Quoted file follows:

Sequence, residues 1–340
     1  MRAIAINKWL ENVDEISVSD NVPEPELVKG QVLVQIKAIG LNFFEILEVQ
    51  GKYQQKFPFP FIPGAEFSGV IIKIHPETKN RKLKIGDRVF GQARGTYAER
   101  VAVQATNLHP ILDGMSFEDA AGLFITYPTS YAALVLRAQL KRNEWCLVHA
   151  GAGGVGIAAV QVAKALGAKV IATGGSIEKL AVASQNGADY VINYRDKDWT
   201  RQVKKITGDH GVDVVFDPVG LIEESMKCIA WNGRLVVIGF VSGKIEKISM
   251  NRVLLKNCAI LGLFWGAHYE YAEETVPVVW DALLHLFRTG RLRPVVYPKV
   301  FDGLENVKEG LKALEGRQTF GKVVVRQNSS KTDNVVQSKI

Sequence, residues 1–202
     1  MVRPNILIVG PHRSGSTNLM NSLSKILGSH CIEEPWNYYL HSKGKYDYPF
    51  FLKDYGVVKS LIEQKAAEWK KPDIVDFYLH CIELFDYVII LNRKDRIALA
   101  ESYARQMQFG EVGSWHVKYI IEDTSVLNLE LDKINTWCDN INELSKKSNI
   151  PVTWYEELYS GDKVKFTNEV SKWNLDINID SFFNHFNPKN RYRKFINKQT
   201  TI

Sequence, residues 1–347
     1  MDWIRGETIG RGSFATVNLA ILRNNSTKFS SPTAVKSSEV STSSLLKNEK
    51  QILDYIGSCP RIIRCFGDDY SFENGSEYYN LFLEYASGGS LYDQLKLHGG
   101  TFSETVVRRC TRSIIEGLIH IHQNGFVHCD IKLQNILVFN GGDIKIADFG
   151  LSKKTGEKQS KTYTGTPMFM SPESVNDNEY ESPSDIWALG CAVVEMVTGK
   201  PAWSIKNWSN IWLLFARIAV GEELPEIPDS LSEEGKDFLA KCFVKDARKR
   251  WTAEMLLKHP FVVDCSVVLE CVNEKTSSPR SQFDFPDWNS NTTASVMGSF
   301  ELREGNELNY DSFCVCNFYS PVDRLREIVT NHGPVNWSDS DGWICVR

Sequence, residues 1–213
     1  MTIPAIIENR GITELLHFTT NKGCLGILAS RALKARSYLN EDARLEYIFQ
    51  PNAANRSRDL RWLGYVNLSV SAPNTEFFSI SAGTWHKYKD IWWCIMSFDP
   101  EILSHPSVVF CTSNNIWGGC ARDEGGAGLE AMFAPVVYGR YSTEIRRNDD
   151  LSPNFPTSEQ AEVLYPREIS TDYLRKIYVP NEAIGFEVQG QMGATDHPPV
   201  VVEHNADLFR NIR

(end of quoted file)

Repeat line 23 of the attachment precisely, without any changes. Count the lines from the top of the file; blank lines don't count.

Sequence, residues 1–213